Novel Legal Strategy Deflates Employer’s Trade-Secrets Case

Recently, in Putters v. Rmax Operating, LLC, 2014 WL 1466902 (N.D. Ga. April 15, 2014) (opinion linked below), the court dismissed a counterclaim for trade-secrets misappropriation, brought in response to a declaratory judgment action filed by the defendant’s former employee. When I first read this opinion, I thought that the defendant did not move fast enough, thereby allowing the plaintiff to select the forum. When I dug further, however, I found out I was wrong.

In this case, the defendant is a Texas company that manufacturers insulation materials. The plaintiff worked for the defendant for 26 years in Georgia as a sales manager, and had access to the defendant’s confidential information. After the plaintiff left the defendant to work for a competitor, the defendant discovered that the plaintiff “had downloaded documents containing proprietary and confidential information to an external hard drive.”

While not clear from this opinion, the complaint gives the back story. A copy is linked below. The defendant originally filed suit in Texas state court and obtained an ex parte temporary restraining order prohibiting the plaintiff from working for his new employer.

After that, the plaintiff made an interesting legal maneuver. He filed this lawsuit in Georgia state court, seeking a declaration that he is permitted to continue working for his new employer, and an injunction prohibiting the defendant from prosecuting the Texas action, since Texas courts did not have personal jurisdiction over him.

This maneuver worked. The case (after being removed to federal court) is proceeding in Georgia federal court, where the court dismissed the defendant’s counterclaim and denied the defendant’s request for a TRO.

Normally, when a defendant believes that there is no personal jurisdiction over him, he will simply litigate that issue in front of the court where the plaintiff filed the lawsuit. Here, the employee took an entirely different course and successfully redirected the litigation to a different forum. And he was able to get the case in front of a judge with much more favorable views of his case.

Takeaway: Companies should be wary of personal-jurisdiction issues when filing trade-secrets lawsuits. The last thing you want is to be bogged down in a personal jurisdiction fight before the court will even hear a temporary injunction motion. Or, even worse, you could end up like the employer in this case, who spent time and money getting a TRO, only to be whisked away to a Georgia court with a very different view of the employer’s arguments.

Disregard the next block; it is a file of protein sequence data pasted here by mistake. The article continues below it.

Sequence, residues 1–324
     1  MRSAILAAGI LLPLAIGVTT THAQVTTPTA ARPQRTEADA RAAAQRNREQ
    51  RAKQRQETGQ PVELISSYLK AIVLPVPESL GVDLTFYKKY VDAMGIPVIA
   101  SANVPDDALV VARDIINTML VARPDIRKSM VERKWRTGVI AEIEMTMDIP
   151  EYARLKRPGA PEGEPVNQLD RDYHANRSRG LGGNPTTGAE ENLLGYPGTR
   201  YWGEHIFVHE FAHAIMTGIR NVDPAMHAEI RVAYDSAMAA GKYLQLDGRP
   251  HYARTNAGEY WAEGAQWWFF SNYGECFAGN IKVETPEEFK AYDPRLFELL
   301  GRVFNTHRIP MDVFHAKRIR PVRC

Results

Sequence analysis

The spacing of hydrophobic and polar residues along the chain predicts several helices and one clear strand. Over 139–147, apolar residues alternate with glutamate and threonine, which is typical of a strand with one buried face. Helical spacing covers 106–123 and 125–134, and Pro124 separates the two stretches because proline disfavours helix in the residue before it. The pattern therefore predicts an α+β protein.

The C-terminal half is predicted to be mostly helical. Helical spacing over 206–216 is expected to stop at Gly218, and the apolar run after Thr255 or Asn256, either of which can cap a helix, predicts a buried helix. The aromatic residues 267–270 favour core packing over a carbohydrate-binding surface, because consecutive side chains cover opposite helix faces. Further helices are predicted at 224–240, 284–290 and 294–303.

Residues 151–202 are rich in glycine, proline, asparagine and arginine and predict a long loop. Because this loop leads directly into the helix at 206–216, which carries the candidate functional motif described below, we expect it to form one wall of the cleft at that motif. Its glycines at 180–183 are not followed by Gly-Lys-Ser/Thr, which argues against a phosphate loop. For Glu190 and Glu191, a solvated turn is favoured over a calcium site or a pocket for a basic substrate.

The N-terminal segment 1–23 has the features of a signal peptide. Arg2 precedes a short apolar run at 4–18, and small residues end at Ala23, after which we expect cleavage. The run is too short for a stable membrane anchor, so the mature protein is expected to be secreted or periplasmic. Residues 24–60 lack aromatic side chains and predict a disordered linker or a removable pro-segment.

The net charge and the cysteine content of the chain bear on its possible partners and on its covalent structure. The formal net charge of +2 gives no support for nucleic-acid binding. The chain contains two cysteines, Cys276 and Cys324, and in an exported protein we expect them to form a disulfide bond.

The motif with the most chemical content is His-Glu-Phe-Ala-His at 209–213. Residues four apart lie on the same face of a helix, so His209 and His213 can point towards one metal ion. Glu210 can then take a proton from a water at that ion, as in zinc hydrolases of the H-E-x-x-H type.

Also, had this company simply had its employees sign restrictive covenants (including a venue and jurisdiction clause), they would be in a far better legal position.

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“Trade Secret Perfume”

Recently, I was in New York. The dry winter air in the Northeast is always a shock to my system, since I’m used to the South Florida humidity. So I bought some lip balm. Upon reading the ingredients, I was intrigued to see this:

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“Trade secret perfume.” Aside from creative marketing, does labeling an ingredient as a “trade secret” offer any legal benefits?

Formulas and recipes can be trade secrets. But of course, just labeling something as a trade secret does not make it so. Now if the lip balm company also takes other precautions—such as only disclosing the perfume formula to those employees who need the formula to do their jobs, and requiring that those employees sign confidentiality agreements—the “trade secret” label could be used to strengthen the argument that the formula is actually a trade secret.

This is similar to a document confidentiality policy. Labeling documents containing proprietary information as “confidential” can bolster a claim that the information is a trade secret, when the information is otherwise reasonably protected. But a label is never enough alone. As always, the key to protecting trade secrets starts with requiring that employees with access sign confidentiality agreements.

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